1. No matter where you are heading, a casual dinner near your home or a long drive trip to the north side of your country, you must keep some emergency tools in your car. This is what I have always believed. I never go anywhere without any first aid kit. I have prepared a tiny box of it. Next is the flRead more

    No matter where you are heading, a casual dinner near your home or a long drive trip to the north side of your country, you must keep some emergency tools in your car. This is what I have always believed. I never go anywhere without any first aid kit. I have prepared a tiny box of it. Next is the flashlight, as you know your car might break down in the middle of the night at any place, so there must be something to look around. Apart from this, I have a backpack of clothes and essentials as my emergency tools. When it comes to my vehicle I keep a tire gauge and a tool kit. The most important thing is the spare tire. One should never go anywhere without all of these things. These are the must have essentials that I ask my friends and family to keep as well. What do you think about it?

    See less
    • 0
  2. <a href="https://ecomplianceexpert.com/">GST Returns</a> related information please check ecomplianceexpert

    <a href=”https://ecomplianceexpert.com/”>GST Returns</a> related information please check ecomplianceexpert

    See less
    • 0
  3. Yes, you can claim ITC on bank charges if they are towards your business transactions. A statement issued by the bank can be treated as an invoice for tax. Also, you must be accordingly eligible to claim the input tax credit, based on a statement issued by the bank, as long as it contains all the paRead more

    Yes, you can claim ITC on bank charges if they are towards your business transactions. A statement issued by the bank can be treated as an invoice for tax. Also, you must be accordingly eligible to claim the input tax credit, based on a statement issued by the bank, as long as it contains all the particulars prescribed, including your GST registration number.
    However, you must ensure that the conditions laid down under section 16 and 17 of the Central GST Act, 2017 are met in your particular case while you make your claim.

    See less
    • 0
  4. Yes, only the unutilized part or amount of the ITC, i.e. input tax credit can be refunded. This can be claimed on the accumulation of the unutilized ITC because of the higher tax rate on inputs than that on the output supplies (except zero-rated/ exempted goods); and/or on goods or services on whichRead more

    Yes, only the unutilized part or amount of the ITC, i.e. input tax credit can be refunded. This can be claimed on the accumulation of the unutilized ITC because of the higher tax rate on inputs than that on the output supplies (except zero-rated/ exempted goods); and/or on goods or services on which no payment of tax was made, such as zero-rated goods/services.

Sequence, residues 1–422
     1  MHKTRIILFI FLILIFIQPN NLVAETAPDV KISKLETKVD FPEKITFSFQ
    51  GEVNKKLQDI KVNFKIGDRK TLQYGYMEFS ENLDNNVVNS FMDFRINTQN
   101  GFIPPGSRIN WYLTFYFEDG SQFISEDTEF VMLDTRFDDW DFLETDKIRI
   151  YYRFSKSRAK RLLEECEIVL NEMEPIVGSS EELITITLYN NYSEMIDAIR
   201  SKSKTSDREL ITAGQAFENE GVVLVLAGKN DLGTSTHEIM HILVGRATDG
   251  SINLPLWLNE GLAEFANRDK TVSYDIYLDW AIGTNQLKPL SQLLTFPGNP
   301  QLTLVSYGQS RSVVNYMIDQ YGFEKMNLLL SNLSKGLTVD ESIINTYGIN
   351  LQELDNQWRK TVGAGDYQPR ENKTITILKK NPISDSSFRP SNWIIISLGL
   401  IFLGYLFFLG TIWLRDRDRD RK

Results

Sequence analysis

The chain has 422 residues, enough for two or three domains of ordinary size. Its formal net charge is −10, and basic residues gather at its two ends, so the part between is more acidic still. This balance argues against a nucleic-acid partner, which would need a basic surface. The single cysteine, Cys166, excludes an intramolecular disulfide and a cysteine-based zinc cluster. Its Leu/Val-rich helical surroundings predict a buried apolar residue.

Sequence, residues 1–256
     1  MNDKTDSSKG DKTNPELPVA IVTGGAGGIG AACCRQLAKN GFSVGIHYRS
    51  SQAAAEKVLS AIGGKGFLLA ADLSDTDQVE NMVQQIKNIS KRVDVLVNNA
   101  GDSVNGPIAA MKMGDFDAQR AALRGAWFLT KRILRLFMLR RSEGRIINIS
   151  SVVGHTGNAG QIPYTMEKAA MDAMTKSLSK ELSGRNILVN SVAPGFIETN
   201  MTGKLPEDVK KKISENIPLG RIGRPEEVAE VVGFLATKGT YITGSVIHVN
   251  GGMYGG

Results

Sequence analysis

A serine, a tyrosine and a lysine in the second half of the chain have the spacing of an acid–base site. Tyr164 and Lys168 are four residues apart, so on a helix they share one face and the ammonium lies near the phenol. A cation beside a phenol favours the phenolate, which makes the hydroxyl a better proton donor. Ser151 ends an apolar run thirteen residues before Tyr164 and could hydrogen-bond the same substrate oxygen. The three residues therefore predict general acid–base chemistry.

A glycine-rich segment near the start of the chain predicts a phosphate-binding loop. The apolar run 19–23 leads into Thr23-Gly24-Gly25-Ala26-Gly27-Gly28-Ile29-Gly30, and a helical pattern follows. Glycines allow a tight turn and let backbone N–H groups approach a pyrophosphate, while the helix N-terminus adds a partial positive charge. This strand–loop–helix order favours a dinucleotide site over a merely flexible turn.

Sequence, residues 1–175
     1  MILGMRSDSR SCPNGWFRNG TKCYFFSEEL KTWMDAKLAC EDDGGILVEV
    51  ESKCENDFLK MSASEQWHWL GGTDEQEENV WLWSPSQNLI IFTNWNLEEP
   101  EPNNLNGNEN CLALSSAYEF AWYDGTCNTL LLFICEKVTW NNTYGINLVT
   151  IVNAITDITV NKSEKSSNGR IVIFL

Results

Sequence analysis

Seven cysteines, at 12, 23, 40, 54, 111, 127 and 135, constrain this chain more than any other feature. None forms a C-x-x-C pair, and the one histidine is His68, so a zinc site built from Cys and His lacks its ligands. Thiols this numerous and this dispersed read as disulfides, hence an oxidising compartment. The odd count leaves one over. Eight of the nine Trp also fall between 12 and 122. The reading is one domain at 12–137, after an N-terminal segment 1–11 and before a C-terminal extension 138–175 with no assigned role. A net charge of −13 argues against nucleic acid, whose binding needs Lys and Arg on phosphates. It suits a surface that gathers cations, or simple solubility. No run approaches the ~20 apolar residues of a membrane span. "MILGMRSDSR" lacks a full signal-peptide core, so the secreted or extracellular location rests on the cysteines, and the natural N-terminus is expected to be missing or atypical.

However, if the unutilized ITC is towards the GST paid on the goods exported out of India which attracts excise duty are not refundable. Also, there shall be no refund if the supplier of the goods has availed any duty drawback on the excise duty paid or claims the refund on the integrated tax paid on such supply.

    See less
    • 0
  5. Input Tax Credit, ITC towards business purposes are held eligible ITC and those used for purposes other than business are not able to claim the ITC except blocked credit, which is separately provided specifically. Section 17(5) of the Central GST Act 2017, decalres an entire class of cases where forRead more

    Input Tax Credit, ITC towards business purposes are held eligible ITC and those used for purposes other than business are not able to claim the ITC except blocked credit, which is separately provided specifically.
    Section 17(5) of the Central GST Act 2017, decalres an entire class of cases where for certain goods & services, the ITC remains blocked. Such Input Tax Credit is held ineligible or blocked credits under the GST.

    See less
    • 0
  6. You can claim the refund of the payment of excess GST, as input GST credit. As per the Central Goods and Services Tax Act, 2017, Section 54 (3), a registered person may claim a refund of the unutilised Input Tax Credit at the end of any tax period. Since a tax period is a period for which a return iRead more

    You can claim the refund of the payment of excess GST, as input GST credit.
    As per the Central Goods and Services Tax Act, 2017, Section 54 (3), a registered person may claim a refund of the unutilised Input Tax Credit at the end of any tax period. Since a tax period is a period for which a return is required to be furnished, a taxpayer may claim a refund of the unutilised Input Tax Credit on a monthly basis. However, starting from January 2021, the provisional credit is restricted to 5 per cent. According to Rule 86B under GST, if the value of taxable supply exceeds 50 lakhs in a month, then the registered taxpayer cannot use the available credit amount to discharge his output tax if it exceeds 99% of tax liability

    See less
    • 0
  7. As per Section 54(3) of the CGST Act, 2017, a registered person can claim a refund of unutilised input tax credit by the end of any taxation period. Now since a tax period is the period for which return is required to be furnished, a taxpayer can claim refund of unutilised ITC on monthly basis. On aRead more

    As per Section 54(3) of the CGST Act, 2017, a registered person can claim a refund of unutilised input tax credit by the end of any taxation period. Now since a tax period is the period for which return is required to be furnished, a taxpayer can claim refund of unutilised ITC on monthly basis.
    On any excess payment of GST for an input tax credit which has not been utilised, this registered person can claim a refund of the excess GST
    by filing an application under Section 54 of the CGST Act, 2017, online.
    Also, the applicant must file the GST refund claim within 2 years from the invoice or relevant date. If the claim is in order, the refund will be sanctioned within 60 days of the receipt of the claim. Also, please note that the interest on the withheld refund shall be applied at the rate of 6%.

    See less
    • 0